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Opinion: Steve Bannon's demise is not the end of Trumpism

Steve Bannon's falling out with President Donald Trump followed by his exit from Breitbart News may tamp down the nationalist sentiment within the White House. But it doesn't mean Trumpism is dead, says Michael Knigge.

If there is one thing to keep in mind about what makes President Donald Trump tick, it is this: Ultimately everything is always about Donald Trump and his core family. This simple, but essential rule helps shed light on what to make of Steve Bannon's nasty public banishment from Trump's circle of friends, advisors and donors.

Applying this rule helps explain the split between Trump and Bannon. What hurt Bannon more than anything else were probably his vicious comments about Trump himself, and his children Ivanka and Donald Jr., not his political musings or the fact that he spilled the beans about the inner workings of the White House to the author of a brutal take-down book.

But applying this rule that when push comes to shove Trump ultimately only cares about himself and his family also helps explain why Bannon's demise does not mean the end of Trumpism. Because Trumpism, to the extent it exists, was never about Steve Bannon, nationalism, isolationism, or for that matter about anything resembling something close to a coherent ideology or a mature worldview.

Core of Trumpism

Trumpism, understood correctly, at its core, could always be summed up as Donald Trump first. This, by the way, was true long before Trump became president or even before his candidacy. According to his biographers it has been always been this way. And that's why Trumpism will remain with us even after Steve Bannon is gone, just as it did after the exit of previous highly praised people in Trump's orbit such as former National Security Advisor Michael Flynn, former White House spokesman Anthony Scaramucci and numerous others.

Michael Knigge App

Michael Knigge is DW's correspondent in Washington

Having said that, it is of course true that Steve Bannon was arguably more influential in shaping the president's broader political agenda and views than most other non-family members. But it is also true, as President Trump has said, that Bannon only became his presidential campaign manager after Trump had already defeated a large field of Republican candidates and clinched the party's nomination.

Trump's nefarious anti-immigration remarks in declaring his intention to run for president back in 2015, in which he accused Mexico of sending "rapists" to the US and vowed to build a "great, great wall" along the southern US border, were made without Bannon's involvement. But while the now former head of right-wing website Breitbart News had no official role in the campaign at the time, he and Trump reportedly knew, liked and talked to each other even before latter's candidacy. It is therefore likely that his ideas already resonated with Trump back then.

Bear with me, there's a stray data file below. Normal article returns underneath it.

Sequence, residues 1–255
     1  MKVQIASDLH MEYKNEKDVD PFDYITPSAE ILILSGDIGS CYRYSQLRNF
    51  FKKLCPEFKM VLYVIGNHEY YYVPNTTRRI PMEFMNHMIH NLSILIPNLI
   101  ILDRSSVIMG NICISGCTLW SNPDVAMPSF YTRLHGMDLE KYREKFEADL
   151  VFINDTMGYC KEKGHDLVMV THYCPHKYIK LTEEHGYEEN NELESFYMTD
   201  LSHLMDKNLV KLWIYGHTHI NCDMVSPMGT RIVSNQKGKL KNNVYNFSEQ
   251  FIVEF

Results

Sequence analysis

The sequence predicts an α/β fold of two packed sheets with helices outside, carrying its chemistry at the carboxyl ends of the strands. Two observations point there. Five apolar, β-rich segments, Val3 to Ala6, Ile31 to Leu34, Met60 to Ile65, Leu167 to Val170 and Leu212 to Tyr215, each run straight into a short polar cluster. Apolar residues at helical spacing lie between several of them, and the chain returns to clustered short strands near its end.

Odd couple

In a way, and for a time, the couple were a perfect match. Bannon, a former Goldman Sachs banker turned economic nationalist who boasted about making Breitbart into a platform for the alt-right and was yearning for a revolution in Washington, met Trump, a real estate mogul with the biggest aspirations for himself, but devoid of any sort of coherent political worldview beyond a vague winner-take-all mentality.

Trump, ready to say just about anything to win, became the perfect vehicle to advance Bannon's crude ideological views to the highest office in the country. And Trump was eager and happy to have someone who supplied him with ideas that, most importantly, grabbed the public's attention and kept him in the limelight on his way to an unexpected election victory.

But since Trump's surprising election victory Bannon's star was already beginning to shine too brightly for a president who craves the limelight . A Time Magazine cover featuring Bannon and the headline "the great manipulator" shortly after the inauguration reportedly irked Trump, who is rumored to keep track of how often he appears on the front of the publication.

GOP and Trump 

Things went slowly downhill from there for Bannon and seemingly culminated in his exit from the White House last summer. Back then, Trump still had friendly words to say about Bannon. Now, though, the president has blasted Bannon in a strongly worded press release and via Twitter. Rebekah Mercer, whose right-wing billionaire father was a major donor to the Trump campaign and had financed Breitbart, subsequently announced her family was cutting ties with Bannon.

Predictably, many establishment Republicans in Congress and elsewhere who had fought Bannon tooth and nail all along celebrated Trump's public break with their nemesis, hoping to increase their sway over Trump now that Bannon is gone.

But they should not get their hopes up too high. Because as evidenced during the presidential campaign and since when he openly lambasted the party and its leaders, Trump is not beholden to the Republican establishment. Trump will work with the GOP when he believes it suits him personally and he won't when he believes it does not. That's because the core of Trumpism remains unchanged whether Steve Bannon is gone or not: Donald Trump first.

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